Recent food safety laws in the EU also introduce clear principles that facilitate the drawing of a clear borderline between voluntary and mandatory information. The main labeling changes effected by the laws include clarification of all responsibilities on good labeling and improvement of the legibility of the information that is given on the clearly defined size of labeling media. Other aspects include the introduction of the requirement on the application on current rules that govern the specificities of spirits, wine, and beer, in terms of mandatory nutrition labeling on all these products.

Recently, proposals have also been made that clarify the circumstances under which various member states may adopt various national rules on origin labeling. Ideally, almost all the rules on nutritional labeling have been recast with all the provisions for food labeling. If the proposals inherent in the recent EU food safety policy frameworks were to be fully adopted, this would allow for the gradual development of best practices in the way nutrition information is presented, including many alternative forms of expressing this information in relation to graphical forms of presentation or overall daily nutrient requirements.

A new EU food hygiene legislation has been in place since 2006. This legislation has modernized, consolidated, and greatly simplified all previous food hygiene legislation in the EU. The law also touches on appropriate controls in all sections of the food chain, ranging from primary production to the final consumer, or in other words, from ‘farm to fork’. It also clarifies that the primary responsibility of producing food safely lies with food business operators. Moreover, the regulation focuses on various controls on the issues that need to be addressed with regard to public health protection.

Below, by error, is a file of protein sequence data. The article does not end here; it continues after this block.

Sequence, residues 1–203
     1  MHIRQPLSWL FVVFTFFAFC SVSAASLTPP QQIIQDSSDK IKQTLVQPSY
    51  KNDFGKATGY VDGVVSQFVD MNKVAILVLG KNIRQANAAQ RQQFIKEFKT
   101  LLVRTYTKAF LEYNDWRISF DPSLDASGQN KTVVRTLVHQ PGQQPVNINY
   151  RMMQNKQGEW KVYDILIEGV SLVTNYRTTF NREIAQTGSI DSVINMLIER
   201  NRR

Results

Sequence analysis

Accordingly, all food businesses have to be registered with a competent authority, the choice of which depends on the type of business. Additionally, all food business operators, with the exception of growers and farmers, have to set up, implement and maintain a fixed procedure on the basis of HACCP principles (Bagchi 2008: 85)[5]. The legislation has to be structured in order to ensure that a satisfactory level of public health protection is always in place without having to impose unnecessary burdens on businesses.

            When the new legislation on hygiene started being applied in January 2006, the European Commission (EC) undertook the commitment to provide a report before May 2009 on the experiences of stakeholders and member states with regard to the legislation process. The commission published this report in July 2009. The EC issued letters to interested parties who were interested in seeking a view pertaining to the report.

Since the EU Food Regulations were published in 2004, various transitional measures and implementing regulations supporting the complete application of these regulations have been published. The most recent implementing measures were published in the official journal of the EU on October 20, 2008. Just like with all other EU regulations, it is necessary to amend various national legislations in order to create room for their enforcement.

Policies formulated: a historical perspective

The EU was born out of the 1957 Treaty of Rome, but originally, the treaty led to the formation of the European Community. This new bloc did not have any provision for food regulation since one of the main objectives of the European community was the free movement of foodstuffs.